Sam and I were working together to debug some issues encountered while configuring Netlify Large Media for a particular repository. It’s a *very* cool option when it comes to media for static site generators, particularly since it allows you to transform images. This is a run-down of the process, including a few specific snags we hit along the way.
Overview of the steps we took
netlify plugins:install netlify-lm-plugin netlify lm:install
netlify lm:install command checked the system for the requirements and installed
netlify-credential-helper. As part of this process, the installation script added the following lines to the Git configuration file
# This next lines include Netlify's Git Credential Helper configuration in your Git configuration. [include] path = /Users/username/.netlify/helper/git-config
The contents of this file read as follows:
# The first line resets the list of helpers so we can check Netlify's first. [credential] helper = "" [credential] helper = netlify helper = osxkeychain
Note both the
credential reset and the order of the helpers in the subsequent lines. This is relevant for troubleshooting problems with the helper simply not working, covered below.
The current Netlify Large Media documentation says that after running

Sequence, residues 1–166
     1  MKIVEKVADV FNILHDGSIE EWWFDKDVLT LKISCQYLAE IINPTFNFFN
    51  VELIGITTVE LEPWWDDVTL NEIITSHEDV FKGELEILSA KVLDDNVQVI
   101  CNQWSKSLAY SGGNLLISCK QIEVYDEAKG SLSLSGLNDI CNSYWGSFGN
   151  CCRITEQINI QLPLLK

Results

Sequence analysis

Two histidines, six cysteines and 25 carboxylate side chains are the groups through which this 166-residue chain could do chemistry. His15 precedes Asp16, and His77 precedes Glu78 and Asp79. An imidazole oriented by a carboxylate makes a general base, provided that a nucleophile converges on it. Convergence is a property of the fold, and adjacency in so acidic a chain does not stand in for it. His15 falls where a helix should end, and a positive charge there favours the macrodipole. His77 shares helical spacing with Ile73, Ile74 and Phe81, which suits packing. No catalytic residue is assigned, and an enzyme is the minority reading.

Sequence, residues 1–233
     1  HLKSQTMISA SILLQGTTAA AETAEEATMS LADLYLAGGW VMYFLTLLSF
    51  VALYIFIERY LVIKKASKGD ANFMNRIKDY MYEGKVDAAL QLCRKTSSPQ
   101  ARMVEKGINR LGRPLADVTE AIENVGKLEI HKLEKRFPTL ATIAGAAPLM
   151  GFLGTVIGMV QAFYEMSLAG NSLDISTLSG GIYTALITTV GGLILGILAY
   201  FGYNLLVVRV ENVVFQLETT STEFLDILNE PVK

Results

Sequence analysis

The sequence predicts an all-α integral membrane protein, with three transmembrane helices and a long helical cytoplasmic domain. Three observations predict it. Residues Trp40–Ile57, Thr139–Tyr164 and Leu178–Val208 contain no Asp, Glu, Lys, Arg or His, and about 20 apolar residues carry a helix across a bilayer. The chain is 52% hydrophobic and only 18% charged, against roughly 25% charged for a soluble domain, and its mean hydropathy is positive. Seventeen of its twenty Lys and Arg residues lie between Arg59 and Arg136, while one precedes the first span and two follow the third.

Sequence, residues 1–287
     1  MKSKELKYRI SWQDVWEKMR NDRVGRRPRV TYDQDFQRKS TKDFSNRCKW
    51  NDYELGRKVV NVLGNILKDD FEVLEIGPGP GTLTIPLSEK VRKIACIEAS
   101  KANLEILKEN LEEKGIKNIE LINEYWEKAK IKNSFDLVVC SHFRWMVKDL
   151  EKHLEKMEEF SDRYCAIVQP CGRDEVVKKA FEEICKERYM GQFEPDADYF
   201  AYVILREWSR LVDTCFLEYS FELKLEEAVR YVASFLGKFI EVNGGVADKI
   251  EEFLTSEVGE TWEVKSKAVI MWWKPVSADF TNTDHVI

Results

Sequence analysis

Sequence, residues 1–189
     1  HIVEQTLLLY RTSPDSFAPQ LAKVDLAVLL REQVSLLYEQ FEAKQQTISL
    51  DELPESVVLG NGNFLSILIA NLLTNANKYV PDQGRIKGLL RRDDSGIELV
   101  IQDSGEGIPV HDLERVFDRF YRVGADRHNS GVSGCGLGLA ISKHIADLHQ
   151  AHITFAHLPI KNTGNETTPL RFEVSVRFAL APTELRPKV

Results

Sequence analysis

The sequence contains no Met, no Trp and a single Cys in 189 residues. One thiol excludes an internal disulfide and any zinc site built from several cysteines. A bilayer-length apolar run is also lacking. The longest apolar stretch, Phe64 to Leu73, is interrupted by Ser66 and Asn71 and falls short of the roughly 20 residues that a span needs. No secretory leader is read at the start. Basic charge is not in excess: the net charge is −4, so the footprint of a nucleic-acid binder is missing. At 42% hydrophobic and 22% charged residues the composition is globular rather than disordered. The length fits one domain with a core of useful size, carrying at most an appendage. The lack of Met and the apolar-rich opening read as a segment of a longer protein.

netlify lm:install, “you will be presented with a custom command to run in order to use Netlify Large Media in your shell. Copy and run this command.” This is was the output we got from
Run this command to use Netlify Large Media in your current shell source /Users/username/.netlify/helper/path.bash.inc
source ... command added the Netlify credential helper executables to the
$PATH and didn’t return any output. Note that it is added for the current shell only. This is relevant for troubleshooting the “not a git command” error covered below.
The next step was to enable Netlify Large Media for the relevant repository. We linked the repository to Netlify by running
netlify link and then ran
netlify lm:setup. This command enabled Large Media for our linked Netlify site and configured Git LFS to use Netlify Large Media by adding a
.lfsconfig file to the repository.
We then told Git LFS which files to track using the
git lfs track command (see the docs) which added these details to the
.gitattributes in the repository.
At this point, we committed everything to the
master and pushed it by running
git push origin master.
This is where we started hitting snags with two particular problems, a
'credential-netlify' is not a git command error and screwed up credential helpers.
Troubleshooting: resolving “not a git command” error
We ran in to the following error when trying to run
git: 'credential-netlify' is not a git command.
Remember the “current shell” note accompanied the
source command? We missed that note and had opened a new shell at some point during the process, meaning that the
$PATH was missing the Netlify credential helper directory containing the necessary executables. We ran
netlify lm:install again to get the necessary